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Metamorphoses (Penguin Classics ed.) download epub

by Mary M. Innes,Ovid

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Imprint: Penguin Classics . Published: 28/03/2002.

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Metamorphoses (Penguin Classics e. Ovid. Mary Innes's classic prose translation of one of the supreme masterpieces of Latin literature, Ovid's Metamorphosis.

About Metamorphoses .

Mary Innes’s classic prose translation of one of the supreme masterpieces of Latin literature. With more than 1,700 titles, Penguin Classics represents a global bookshelf of the best works throughout history and across genres and disciplines.

Mary M. Innes: The Metamorphoses of Ovid. West Drayton: Penguin Books, 1955. Pp. 394. Paper, 3s 6d. net. A. G. Lee (a1).

Title: Metamorphoses By: Ovid Format: Paperback Vendor: Penguin Classics Publication Date: 1955

Title: Metamorphoses By: Ovid Format: Paperback Vendor: Penguin Classics Publication Date: 1955. Dimensions: . 2 X . 2 (inches) ISBN: 0140440585 ISBN-13: 9780140440584 Stock No: WW40582. Publisher's Description.

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A powerful version of the Latin classic by England's late Poet Laureate, now in paperback. by Ovid · Mary M. When it was published in 1997, Tales from Ovid was immediately recognized as a classic in its own right, as the best rendering of Ovid in generations, and as a major. A Lycanthropy Reader: Werewolves in Western Culture.

Wilkinson, L. Ovid Recalled. Otis, Brooks: Ovid as an Epic Poet. Golding, A. ( Shakespeare’s Ovid). Innes, Mary M. (prose): Penguin Classics, 1955. Galinsky, G. Karl: Ovid’s Metamorphoses. Deferrari, R. Barry, M. I. and McGuire, M. R. A Concordance of Ovid. Humphries, Rolfe (verse): Indiana Univ.

Mary Innes's classic prose translation of one of the supreme masterpieces of Latin literature"The most beautiful book in the language (my opinion and I suspect it was Shakespeare's)." -Ezra Pound Ovid drew on Greek mythology, Latin folklore and legend from ever further afield to create a series of narrative poems, ingeniously linked by the common theme of transformation. Here a chaotic universe is subdued into harmonious order: animals turn to stone; men and women become trees and stars. Ovid himself transformed the art of storytelling, infusing these stories with new life through his subtley, humour and understanding of human nature, and elegantly tailoring tone and pace to fit a variety of subjects. The result is a lasting treasure-house of myth and legend. For more than seventy years, Penguin has been the leading publisher of classic literature in the English-speaking world. With more than 1,700 titles, Penguin Classics represents a global bookshelf of the best works throughout history and across genres and disciplines. Readers trust the series to provide authoritative texts enhanced by introductions and notes by distinguished scholars and contemporary authors, as well as up-to-date translations by award-winning translators.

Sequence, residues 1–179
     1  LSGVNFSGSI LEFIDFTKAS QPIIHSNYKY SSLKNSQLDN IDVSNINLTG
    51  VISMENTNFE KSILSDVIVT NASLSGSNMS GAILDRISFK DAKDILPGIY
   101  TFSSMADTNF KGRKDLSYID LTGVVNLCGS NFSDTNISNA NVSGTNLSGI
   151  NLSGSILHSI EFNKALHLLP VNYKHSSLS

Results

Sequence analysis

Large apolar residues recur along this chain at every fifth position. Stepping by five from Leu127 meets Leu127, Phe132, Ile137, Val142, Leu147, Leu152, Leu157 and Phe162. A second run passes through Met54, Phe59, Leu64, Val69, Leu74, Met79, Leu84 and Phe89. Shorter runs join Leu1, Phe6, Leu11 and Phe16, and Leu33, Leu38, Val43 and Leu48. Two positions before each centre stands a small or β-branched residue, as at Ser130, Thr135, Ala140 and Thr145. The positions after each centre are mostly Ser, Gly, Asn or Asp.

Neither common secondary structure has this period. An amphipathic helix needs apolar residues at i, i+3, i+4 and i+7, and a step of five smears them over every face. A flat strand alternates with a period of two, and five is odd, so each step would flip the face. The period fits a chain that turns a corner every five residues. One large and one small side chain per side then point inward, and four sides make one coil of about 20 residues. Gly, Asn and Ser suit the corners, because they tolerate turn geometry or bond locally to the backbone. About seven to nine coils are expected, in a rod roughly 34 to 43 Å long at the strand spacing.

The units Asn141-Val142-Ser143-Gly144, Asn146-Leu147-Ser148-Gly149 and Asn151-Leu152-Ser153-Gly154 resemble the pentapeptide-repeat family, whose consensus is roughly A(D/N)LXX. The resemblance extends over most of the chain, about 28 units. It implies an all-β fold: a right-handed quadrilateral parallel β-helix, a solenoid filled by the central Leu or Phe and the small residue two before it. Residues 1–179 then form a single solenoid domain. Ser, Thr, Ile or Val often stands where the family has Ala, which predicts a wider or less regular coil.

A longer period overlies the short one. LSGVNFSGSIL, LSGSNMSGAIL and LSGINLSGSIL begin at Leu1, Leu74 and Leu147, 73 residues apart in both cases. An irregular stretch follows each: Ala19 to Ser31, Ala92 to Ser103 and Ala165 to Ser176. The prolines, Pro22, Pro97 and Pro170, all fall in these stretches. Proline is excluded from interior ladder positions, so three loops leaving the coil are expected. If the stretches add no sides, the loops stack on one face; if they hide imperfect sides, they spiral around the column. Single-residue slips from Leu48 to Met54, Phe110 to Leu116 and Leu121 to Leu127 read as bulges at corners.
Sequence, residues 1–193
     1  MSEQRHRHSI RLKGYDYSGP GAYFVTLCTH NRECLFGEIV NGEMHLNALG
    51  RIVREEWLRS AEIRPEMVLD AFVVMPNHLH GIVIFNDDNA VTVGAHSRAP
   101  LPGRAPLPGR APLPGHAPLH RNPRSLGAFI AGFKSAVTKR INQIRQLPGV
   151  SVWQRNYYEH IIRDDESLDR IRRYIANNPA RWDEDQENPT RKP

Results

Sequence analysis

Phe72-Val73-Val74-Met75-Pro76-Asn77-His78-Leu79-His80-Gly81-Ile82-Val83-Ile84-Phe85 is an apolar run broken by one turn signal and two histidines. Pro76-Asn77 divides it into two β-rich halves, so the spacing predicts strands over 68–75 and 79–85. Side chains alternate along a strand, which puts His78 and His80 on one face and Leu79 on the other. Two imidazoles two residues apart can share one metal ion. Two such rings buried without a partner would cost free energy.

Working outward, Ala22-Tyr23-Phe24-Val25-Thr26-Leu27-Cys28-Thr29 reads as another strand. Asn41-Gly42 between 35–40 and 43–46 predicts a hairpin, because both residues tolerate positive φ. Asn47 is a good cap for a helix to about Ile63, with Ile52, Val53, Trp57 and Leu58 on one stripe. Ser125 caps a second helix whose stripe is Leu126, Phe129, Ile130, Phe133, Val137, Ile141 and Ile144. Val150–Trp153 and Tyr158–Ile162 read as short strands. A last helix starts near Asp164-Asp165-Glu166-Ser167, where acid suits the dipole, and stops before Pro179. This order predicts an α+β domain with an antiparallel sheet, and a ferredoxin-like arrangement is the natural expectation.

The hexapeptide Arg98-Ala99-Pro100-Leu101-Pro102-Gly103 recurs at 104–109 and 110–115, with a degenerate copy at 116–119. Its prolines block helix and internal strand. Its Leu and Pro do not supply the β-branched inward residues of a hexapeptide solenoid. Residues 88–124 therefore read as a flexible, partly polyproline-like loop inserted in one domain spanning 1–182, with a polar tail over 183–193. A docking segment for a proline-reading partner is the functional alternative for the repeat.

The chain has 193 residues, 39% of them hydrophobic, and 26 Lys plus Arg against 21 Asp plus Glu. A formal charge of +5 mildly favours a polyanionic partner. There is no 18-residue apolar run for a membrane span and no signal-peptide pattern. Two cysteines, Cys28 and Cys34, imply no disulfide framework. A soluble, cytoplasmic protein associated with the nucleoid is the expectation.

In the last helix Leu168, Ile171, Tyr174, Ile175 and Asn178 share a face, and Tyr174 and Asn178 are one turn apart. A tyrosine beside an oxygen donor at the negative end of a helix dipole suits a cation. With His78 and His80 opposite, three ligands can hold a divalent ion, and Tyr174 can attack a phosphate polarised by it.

Comments: (7)

This is a very readable translation. I went back and forth between three translations before settling on this as the one I enjoyed best.

This is one of the more important works in the World lit canon. If you are interested in myth, it's a must-read.
I am really enjoying it. The poetry is just beautiful. I bought this because I had read that it would give a little background to things I would read in Shakespeare. I am so glad I bought it. It just brings beauty into your life.